When the weather gets chilly, it's time to eat chile.
Winters are mild in North Texas (except, it seems, when a big event such as last year's Super Bowl is in town!). But when bitter air swoops through Dallas-Fort Worth, there are few more enjoyable ways to fight back than to fill your belly with something flavorful and warm.
For me, a food that answers that call is a chile relleno -- Spanish for "refilled pepper." The featured ingredient is usually a roasted poblano or New Mexico green chile (sometimes also called an Anaheim) traditionally stuffed with cheese. But it can also be filled with any number of extras, limited only by the cook's imagination.
A chile relleno should not resemble a corn dog. It is not a jalapeño popper on steroids. But otherwise, there aren't too many rules about what makes a good one. It is a gentle dish, lovingly prepared in restaurants and family kitchens across the Southwest.
Yet until recently it was difficult to find a properly executed relleno in North Texas. A handful of Metroplex restaurants have done it well for years, but others have put forth far less effort, and the result has been plates of what amounts to deep-fried carnival food.
However, a visit to Tarrant-area restaurants in recent weeks indicates that things have taken a turn for the better. Chefs (and ordinary cooks) are experimenting with fillings that include shrimp, brisket, chicken, nuts and raisins.
"We were trying to come up with a vegetarian entree, and that always feels like an afterthought," said Jon Bonnell, owner of Bonnell's Fine Texas Cuisine in south Fort Worth, where steaks are often the entree of choice. "But what we came up with is a hearty meal."
Bonnell's offers customers a fire-roasted chile relleno stuffed with a "green chile ratatouille" that includes grilled eggplant, zucchini, basil pesto and goat cheese. It is coated with Monterey Jack cheese, drizzled with cream and served on a bed of mild Mexican rice and red sauce.
We went in search of a handful of places that did chile rellenos well. During the past several weeks, we visited restaurants that had been recommended by friends and acquaintances. Our conclusion: There still aren't enough places in Dallas-Fort Worth doing rellenos right. (Could there ever be?) But these are among the places stepping up to the plate.
Peppers as postmodern art
Place: Bonnell's Fine Texas Cuisine, Fort Worth
The dish: Fire-roasted chile relleno stuffed with grilled vegetables, basil pesto and goat cheese, blanketed with Monterey Jack cheese and roasted again; $15 for lunch, $20 for dinner.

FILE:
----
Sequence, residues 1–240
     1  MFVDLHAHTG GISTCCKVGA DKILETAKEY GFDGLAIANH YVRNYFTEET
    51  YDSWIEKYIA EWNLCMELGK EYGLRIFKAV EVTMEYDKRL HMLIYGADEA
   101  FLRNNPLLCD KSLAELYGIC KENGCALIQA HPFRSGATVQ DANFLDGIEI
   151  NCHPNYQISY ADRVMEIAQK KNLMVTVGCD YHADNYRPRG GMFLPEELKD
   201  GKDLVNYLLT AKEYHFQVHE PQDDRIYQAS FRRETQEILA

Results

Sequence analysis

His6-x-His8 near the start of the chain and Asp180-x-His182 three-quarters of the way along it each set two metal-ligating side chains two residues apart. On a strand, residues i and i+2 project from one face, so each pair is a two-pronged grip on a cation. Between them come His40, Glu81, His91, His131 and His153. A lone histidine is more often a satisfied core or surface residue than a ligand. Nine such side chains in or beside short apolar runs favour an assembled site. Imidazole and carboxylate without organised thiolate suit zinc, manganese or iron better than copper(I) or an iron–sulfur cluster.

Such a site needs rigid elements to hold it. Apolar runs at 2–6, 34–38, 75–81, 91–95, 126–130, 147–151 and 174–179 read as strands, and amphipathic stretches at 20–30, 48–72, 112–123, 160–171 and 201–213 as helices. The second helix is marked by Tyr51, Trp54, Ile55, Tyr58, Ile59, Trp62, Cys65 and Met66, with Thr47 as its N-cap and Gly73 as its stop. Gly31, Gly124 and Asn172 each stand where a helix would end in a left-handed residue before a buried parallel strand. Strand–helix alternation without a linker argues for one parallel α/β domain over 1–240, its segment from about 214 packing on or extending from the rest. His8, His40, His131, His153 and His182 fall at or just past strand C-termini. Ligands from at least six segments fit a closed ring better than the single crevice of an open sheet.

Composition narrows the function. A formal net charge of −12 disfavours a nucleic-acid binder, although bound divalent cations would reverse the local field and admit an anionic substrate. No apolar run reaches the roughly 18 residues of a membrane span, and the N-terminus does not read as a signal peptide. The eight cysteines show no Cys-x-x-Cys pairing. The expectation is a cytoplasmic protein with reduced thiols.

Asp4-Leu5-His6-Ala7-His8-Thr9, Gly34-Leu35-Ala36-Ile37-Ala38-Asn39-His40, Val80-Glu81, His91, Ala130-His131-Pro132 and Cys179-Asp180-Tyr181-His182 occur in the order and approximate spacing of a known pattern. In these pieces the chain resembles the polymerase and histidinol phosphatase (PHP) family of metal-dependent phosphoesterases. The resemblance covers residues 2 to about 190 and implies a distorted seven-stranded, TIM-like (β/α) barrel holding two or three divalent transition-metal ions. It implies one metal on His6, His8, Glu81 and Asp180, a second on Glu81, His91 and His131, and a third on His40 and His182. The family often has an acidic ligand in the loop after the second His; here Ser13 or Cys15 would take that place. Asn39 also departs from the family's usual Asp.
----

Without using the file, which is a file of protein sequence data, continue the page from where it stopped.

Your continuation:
Our take: This version of rellenos is more like the type of food residents of Puebla, Mexico, were eating two centuries ago than what is offered at other eateries today. There's no deep-fried batter, no pool of orange DayGlo cheese. But it's also a forward-looking approach, in the sense that it strips away assumptions about what can be stuffed into a pepper. It reaches out to health-conscious eaters, with an emphasis on veggies rather than meat and saturated fat.
It starts with an enormous, almost round poblano pepper that's roasted, peeled and filled with what Bonnell describes as a green chile ratatouille that includes all kinds of good things from the farm, such as eggplant and zucchini, as well as basil pesto and goat cheese. The chile is then roasted a second time -- no batter, no frying.
It is tucked inside a blanket of Monterey Jack cheese and served in a white bowl shaped like a Texas star, on a bed of velvetlike Mexican rice and a light red sauce.
Poblanos typically don't have the heat of a New Mexico chile, so this version of chile rellenos has virtually no kick to it. But Bonnell likes poblanos because they are thick and meaty, and available year-round.
I arrive on a weekday at lunch and, because reservations are recommended in the dining area, I ask for a seat at the otherwise empty bar. (It's a work day, so my drink of choice is a diet soda.) Bonnell's doesn't miss a detail. The presentation is edible art. The food is filling and completely satisfying -- and yet because the dish is composed of few, if any, empty calories, I can go back to work without craving an afternoon nap.
The only criticism I can offer is about the price -- at $15 for lunch or $20 for dinner, Bonnell's chile relleno is anything but a peasant dish. But hey, this dish has been a special-occasion food in Mexican-American homes for decades -- so if you have an occasion to celebrate, the relleno at Bonnell's is about as special as it gets.
Details: 4259 Bryant Irvin Road, 817-738-5489; Bonnelstexas.com. Open for lunch and dinner, closed Sunday and Monday.